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Kenny Walter is an editor with HCPLive. Prior to joining MJH Life Sciences in 2019, he worked as a digital reporter covering nanotechnology, life sciences, material science and more with R&D Magazine. He graduated with a degree in journalism from Temple University in 2008 and began his career as a local reporter for a chain of weekly newspapers based on the Jersey shore. When not working, he enjoys going to the beach and enjoying the shore in the summer and watching North Carolina Tar Heel basketball in the winter.
There are currently 14 states with laws either encouraging or requiring influenza vaccination for hospital workers.
While the US Centers for Disease Control and Prevention (CDC) recommends vaccinating health care workers for influenza, the impact of these laws on pneumonia and influenza mortality has not been identified.
A team, led by Mariana Carrera, PhD, Montana State University, measured the effect of state-level hospital worker influenza vaccination laws on pneumonia and influenza mortality.
Beginning in 1995, 14 states have enacted laws either encouraging or mandating influenza vaccinations for hospital workers.
Comparing Adopting and Non-Adopting States
In the quasi-experimental observational study, investigators examined population level data from all states between 1995-2017. The research team measured pneumonia and influenza mortality per 100,000 persons by state and by month.
The analysis was done both population-wide and separately by age group, using data obtained from restricted-access National Vital Statistics System files.
They then used linear and log-linear models to compare changes in mortality rates for adopting compared to non-adopting states.
The results show state laws mandating hospitals offer influenza vaccination for hospital employees was linked to a 2.5% reduction in the monthly pneumonia and influenza mortality rate (-0.16 deaths per 100,000 individuals; 95% CI, -0.29 to -0.02; P = 0.022) during the years when the influenza vaccine was well matched to the predominant circulating strains.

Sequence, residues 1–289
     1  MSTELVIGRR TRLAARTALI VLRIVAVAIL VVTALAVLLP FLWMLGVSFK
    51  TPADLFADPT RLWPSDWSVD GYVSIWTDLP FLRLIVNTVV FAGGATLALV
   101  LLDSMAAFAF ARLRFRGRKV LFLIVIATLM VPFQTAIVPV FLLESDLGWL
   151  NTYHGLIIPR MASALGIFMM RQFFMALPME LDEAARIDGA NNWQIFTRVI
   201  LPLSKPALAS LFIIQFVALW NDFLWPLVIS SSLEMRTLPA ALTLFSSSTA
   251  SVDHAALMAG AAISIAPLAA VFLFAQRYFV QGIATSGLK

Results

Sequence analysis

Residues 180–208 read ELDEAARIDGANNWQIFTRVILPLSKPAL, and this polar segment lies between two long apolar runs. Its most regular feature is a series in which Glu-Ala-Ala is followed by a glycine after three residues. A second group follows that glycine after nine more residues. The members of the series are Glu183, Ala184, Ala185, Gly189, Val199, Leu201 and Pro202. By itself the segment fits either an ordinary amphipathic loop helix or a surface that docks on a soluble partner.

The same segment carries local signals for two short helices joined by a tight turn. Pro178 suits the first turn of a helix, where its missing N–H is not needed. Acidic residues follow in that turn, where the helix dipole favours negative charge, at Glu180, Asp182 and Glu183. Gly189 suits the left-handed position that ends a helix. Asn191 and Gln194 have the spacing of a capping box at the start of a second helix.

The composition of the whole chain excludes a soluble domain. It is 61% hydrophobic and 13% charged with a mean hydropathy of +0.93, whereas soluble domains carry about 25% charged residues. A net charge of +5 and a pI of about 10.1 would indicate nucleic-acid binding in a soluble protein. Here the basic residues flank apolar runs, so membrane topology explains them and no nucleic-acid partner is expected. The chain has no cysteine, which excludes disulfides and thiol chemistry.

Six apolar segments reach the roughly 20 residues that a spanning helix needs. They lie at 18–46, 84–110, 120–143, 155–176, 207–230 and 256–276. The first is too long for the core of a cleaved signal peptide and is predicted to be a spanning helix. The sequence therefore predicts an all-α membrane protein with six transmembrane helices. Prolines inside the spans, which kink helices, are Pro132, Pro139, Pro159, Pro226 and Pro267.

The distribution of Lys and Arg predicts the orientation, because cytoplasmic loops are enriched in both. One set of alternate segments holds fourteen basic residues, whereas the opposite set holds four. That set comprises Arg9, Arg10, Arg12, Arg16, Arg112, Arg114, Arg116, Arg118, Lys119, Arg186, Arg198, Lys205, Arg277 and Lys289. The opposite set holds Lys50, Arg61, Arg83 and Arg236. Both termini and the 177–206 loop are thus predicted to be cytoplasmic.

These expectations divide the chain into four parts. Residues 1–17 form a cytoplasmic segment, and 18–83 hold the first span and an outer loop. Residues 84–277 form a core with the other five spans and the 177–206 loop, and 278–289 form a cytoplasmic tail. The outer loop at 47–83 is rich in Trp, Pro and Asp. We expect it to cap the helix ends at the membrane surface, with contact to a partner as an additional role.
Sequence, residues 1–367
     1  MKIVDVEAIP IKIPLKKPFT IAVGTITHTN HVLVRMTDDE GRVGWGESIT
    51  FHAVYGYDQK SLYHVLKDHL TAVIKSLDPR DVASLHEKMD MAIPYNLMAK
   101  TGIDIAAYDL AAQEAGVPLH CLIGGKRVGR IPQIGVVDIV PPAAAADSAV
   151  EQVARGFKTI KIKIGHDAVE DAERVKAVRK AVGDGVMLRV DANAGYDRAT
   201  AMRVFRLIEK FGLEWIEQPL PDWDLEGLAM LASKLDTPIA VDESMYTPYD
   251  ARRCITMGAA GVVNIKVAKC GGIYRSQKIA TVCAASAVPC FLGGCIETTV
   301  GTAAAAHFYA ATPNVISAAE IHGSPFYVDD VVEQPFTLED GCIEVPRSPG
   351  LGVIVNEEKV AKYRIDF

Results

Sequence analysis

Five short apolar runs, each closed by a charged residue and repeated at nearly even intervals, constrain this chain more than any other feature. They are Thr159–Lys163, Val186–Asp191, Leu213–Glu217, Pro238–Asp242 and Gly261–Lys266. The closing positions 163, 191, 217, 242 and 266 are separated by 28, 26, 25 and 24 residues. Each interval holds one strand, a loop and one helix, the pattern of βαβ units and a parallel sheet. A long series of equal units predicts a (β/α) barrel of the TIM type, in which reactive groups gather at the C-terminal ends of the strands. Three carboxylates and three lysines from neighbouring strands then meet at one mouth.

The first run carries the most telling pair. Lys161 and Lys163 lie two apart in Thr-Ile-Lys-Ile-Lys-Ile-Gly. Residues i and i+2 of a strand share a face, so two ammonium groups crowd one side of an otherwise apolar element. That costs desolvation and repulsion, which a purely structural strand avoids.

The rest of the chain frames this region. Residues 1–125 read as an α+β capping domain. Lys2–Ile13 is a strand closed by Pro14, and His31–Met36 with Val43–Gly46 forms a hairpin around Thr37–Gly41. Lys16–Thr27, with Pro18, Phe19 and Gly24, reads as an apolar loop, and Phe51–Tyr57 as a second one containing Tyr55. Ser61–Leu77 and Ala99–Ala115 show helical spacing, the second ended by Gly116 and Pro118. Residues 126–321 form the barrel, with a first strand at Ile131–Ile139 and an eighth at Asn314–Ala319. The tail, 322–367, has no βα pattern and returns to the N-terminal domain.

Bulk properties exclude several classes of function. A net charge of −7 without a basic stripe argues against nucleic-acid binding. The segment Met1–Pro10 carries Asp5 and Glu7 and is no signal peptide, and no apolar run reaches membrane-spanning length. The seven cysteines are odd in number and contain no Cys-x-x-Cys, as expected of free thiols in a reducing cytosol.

The largest benefits occurred in the elderly population and during peak influenza months.
Future Studies Still Needed
The investigators also said the utilization of national data did not allow them to analyze more specific outcomes, including laboratory-confirmed or hospital-acquired influenza.
“State laws promoting hospital worker vaccination against influenza may be effective in preventing pneumonia- and influenza-related deaths, particularly among elderly persons,” the authors wrote. “Vaccinating hospital workers may substantially reduce the spread of influenza and protect the most vulnerable populations.”
Influenza Vaccine Reduces COVID-19 Severity
Recently, investigators found the flu vaccine could in fact reduce the severity of coronavirus disease 2019 (COVID-19) infections.
In a new study comparing outcomes of patients hospitalized for COVID-19 who did or did not receive influenza vaccination prior to hospitalization, investigators from the University of Basel and the Swiss Tropical and Public Health Institute identified over 53,000 patients hospitalized for COVID-19 in Brazil between January 1 and June 23, 2020 from the country's national electronic respiratory infection data system, distinguishing patients who had received inactivated trivalent influenza vaccination.
The investigators reported that mortality was consistently lower across all age groups of patients receiving vaccination in March 2020 or later, with absolute mortality differences ranging from a risk difference of 12% in patients 10-19 years of age to 3% in the very elderly patients ≥90 years old. The putative-protective association was not found in those vaccinated earlier, or in 2019.
Overall, influenza vaccination received in 2020 and prior to onset of COVID-19 pandemic was associated with 17% lower odds of mortality, and with 36% lower odd of mortality if administered after onset of clinical COVID-19 symptoms.
The investigators characterize this finding as "surprising," but note the 2 estimates were not statistically significantly different given the numbers of patients in those groups.
The study, “Population Mortality and Laws Encouraging Influenza Vaccination for Hospital Workers,” was published online in the Annals of Internal Medicine.